MLG’s book is generally very good, but there were some glaring errors in mileage in a few instances. I have a separate document with corrections to the 4th edition of her book. One thing I disagree with is her gushing praise of Henry Cleeve’s Guest House. This place is overpriced at $72 per day for a basic bed, paper-thin walls (you better hope the guys in the next rooms don’t snore), and shared cold water showers. The food is good, and Henry is a nice and knowledgeable guy, but he charges a lot for extras. Particularly surprising was a $17 laundry charge to machine wash 4 sets of t-shirts, sox, and underpants. When we were there, there was construction on his property by the electric company, so his property was not very good for birds.

It is also on the main road, not in a quiet secluded place, although it is not that noisy. For accommodation I used the Lonely Planet Venezuela book, 2nd edition, May 1998. This was pretty good, but omitted many towns, probably deemed to be of lesser tourist interest, which nonetheless would have been useful for finding hotels while en route. I had the Nelles map of Venezuela, which, although lacking in many smaller and back roads, seemed to be the best around. Combined with the maps in MLG’s book

Also very helpful were trip reports that I downloaded from several websites, in particular Blake Maybank’s birding the Americas. Jurgen Beckers has some useful trip reports posted somewhere that I forget. His e mail is He leads low-budget trips.

VENEZUELA AUDUBON – Venezuela Audubon rightfully had a good reputation for helping out birders. I think much of this was due to Mary Lou Goodwin, who personally gave me lots of information and help, even though I was a lone birder traveling independently. Birders should be aware that as of the end of 2000 Mary Lou has left the Audubon. When I asked the Audubon to make a hotel reservation for 1 night in Caracas, arrange a taxi pickup, and make arrangements to stay in Henri Pittier for two, they wanted to charge me over $100 more than the costs. I easily made the hotel arrangements myself, and taxis are available at the airport.

I was not all impressed with their answers when I asked them about this high cost (“we’re a travel agency, we have overhead, costs,” etc.). In fairness, I later used them to make reservations at Henry Cleeve’s, which they did, even meeting me at Caracas airport to give me the voucher (I paid their cab costs, which was fair enough). Later they also assisted my friend in making taxi reservations and 1 night’s accommodation in Caracas for no extra charge. Maybe my initial problems were just due to some transition issues, but they seem to be more of a typical travel agency than a birder’s information source since losing Mary Lou and Rodney. I hope this will change.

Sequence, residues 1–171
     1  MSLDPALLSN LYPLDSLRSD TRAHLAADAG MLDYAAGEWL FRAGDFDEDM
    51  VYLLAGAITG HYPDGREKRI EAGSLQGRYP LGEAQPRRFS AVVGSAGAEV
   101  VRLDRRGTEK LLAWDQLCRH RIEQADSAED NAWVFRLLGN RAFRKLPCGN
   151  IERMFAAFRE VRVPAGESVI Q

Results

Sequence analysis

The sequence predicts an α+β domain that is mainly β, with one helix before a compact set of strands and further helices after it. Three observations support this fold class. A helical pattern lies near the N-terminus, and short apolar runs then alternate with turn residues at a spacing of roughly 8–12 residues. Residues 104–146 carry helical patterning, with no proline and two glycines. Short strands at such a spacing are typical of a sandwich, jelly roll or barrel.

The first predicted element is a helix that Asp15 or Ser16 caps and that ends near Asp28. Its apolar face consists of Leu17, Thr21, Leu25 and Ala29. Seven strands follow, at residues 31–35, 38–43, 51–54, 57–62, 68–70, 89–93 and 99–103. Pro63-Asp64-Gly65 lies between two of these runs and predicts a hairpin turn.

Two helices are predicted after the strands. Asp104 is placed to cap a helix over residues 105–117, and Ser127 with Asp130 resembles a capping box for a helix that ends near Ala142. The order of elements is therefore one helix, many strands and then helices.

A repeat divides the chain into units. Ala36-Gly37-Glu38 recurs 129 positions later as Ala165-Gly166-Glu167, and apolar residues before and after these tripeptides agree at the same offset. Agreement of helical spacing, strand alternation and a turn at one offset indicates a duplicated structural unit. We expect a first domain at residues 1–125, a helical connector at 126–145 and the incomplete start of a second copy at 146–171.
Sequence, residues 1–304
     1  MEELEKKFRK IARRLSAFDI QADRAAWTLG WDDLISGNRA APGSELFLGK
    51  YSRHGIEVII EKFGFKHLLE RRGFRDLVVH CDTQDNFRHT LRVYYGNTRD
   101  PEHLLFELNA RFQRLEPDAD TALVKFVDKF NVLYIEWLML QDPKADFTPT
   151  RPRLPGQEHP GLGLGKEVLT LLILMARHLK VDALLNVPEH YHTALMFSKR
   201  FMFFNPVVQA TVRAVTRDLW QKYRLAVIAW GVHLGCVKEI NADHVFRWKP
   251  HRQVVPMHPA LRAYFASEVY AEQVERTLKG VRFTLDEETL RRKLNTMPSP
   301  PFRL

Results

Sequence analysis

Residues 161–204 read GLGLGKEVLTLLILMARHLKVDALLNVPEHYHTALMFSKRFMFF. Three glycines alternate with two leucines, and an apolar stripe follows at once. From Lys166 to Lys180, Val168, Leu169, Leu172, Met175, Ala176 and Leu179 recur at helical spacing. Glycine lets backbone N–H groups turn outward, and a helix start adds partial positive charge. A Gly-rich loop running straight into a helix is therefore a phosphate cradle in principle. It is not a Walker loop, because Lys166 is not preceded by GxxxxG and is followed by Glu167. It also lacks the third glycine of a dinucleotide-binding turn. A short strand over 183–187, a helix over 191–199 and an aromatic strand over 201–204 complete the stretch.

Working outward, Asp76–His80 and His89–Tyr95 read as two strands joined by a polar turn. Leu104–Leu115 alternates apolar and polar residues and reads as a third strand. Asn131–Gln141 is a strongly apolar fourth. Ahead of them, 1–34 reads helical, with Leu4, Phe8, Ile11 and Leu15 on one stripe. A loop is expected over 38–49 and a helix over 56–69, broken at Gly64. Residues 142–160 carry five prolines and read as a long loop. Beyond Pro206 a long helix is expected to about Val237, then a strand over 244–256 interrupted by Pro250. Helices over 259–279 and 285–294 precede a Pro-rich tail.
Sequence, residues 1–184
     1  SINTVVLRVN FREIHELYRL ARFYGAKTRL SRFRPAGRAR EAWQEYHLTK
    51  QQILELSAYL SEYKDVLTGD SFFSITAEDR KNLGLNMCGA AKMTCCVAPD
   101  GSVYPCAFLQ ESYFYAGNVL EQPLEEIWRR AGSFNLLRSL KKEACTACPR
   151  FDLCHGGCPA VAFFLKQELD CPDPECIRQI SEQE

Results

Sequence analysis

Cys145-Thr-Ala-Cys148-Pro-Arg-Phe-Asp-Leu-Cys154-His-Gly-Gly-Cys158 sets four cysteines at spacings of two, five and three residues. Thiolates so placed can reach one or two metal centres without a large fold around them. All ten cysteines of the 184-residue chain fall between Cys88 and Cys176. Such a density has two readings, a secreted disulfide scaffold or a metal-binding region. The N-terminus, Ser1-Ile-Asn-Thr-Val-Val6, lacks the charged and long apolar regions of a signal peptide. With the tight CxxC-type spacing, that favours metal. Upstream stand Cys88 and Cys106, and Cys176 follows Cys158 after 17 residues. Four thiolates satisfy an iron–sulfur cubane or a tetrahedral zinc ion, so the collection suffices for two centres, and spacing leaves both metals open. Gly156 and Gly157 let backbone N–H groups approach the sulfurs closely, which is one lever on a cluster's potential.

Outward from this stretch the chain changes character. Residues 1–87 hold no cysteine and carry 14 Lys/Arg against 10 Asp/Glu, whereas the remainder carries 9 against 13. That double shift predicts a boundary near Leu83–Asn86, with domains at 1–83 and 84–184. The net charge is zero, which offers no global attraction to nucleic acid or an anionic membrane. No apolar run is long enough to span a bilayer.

I brought traveler’s checks, American Express, US dollars, and some cash. The checks can be difficult to change outside major cities or tourist areas. Many places accepted credit cards, even relatively low budget hotels. I did have one surprise, about 4 months after I had left Venezuela, when a company called Maxima Seguridad tried putting in 2 monthly bills for over $1000 each on my American Express card.


We generally stayed in low budget hotels. Room prices ranged from $7-$35 for a double, with the majority being in the $15-$25 range. Many places listed as being $15 in Lonely Planet were actually about $25. In most areas we needed a place for the car, which precluded a few low budget places. We usually ate in local restaurants and roadside truckstops, with no problems for me, although Bob was often uncomfortable, primarily due to an intolerance to many sauces and ingredients. I always drank bottled water, but was generally casual about the places I ate in. The food in general was good and cheap and the licuados (like a milk shake without the ice cream, generally fruit juice and milk) are very good. There are few places open before dawn throughout Venezuela, but there was usually a bakery somewhere that opened around 6 or 7 AM. We survived on bread, pastries, and the tasty liquid yogurt drinks that are readily available.